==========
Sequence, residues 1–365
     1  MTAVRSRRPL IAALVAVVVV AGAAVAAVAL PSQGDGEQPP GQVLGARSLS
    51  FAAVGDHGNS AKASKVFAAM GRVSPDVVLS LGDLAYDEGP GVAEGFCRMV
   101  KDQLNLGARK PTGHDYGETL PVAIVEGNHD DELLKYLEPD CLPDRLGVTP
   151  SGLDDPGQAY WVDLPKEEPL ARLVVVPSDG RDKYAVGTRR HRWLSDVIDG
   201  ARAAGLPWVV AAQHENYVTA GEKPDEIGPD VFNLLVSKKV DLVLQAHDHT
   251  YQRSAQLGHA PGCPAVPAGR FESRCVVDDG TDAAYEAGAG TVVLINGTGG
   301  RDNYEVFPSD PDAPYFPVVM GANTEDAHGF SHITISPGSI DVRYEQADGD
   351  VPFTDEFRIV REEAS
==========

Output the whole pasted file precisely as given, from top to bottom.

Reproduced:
Sequence, residues 1–365
     1  MTAVRSRRPL IAALVAVVVV AGAAVAAVAL PSQGDGEQPP GQVLGARSLS
    51  FAAVGDHGNS AKASKVFAAM GRVSPDVVLS LGDLAYDEGP GVAEGFCRMV
   101  KDQLNLGARK PTGHDYGETL PVAIVEGNHD DELLKYLEPD CLPDRLGVTP
   151  SGLDDPGQAY WVDLPKEEPL ARLVVVPSDG RDKYAVGTRR HRWLSDVIDG
   201  ARAAGLPWVV AAQHENYVTA GEKPDEIGPD VFNLLVSKKV DLVLQAHDHT
   251  YQRSAQLGHA PGCPAVPAGR FESRCVVDDG TDAAYEAGAG TVVLINGTGG
   301  RDNYEVFPSD PDAPYFPVVM GANTEDAHGF SHITISPGSI DVRYEQADGD
   351  VPFTDEFRIV REEAS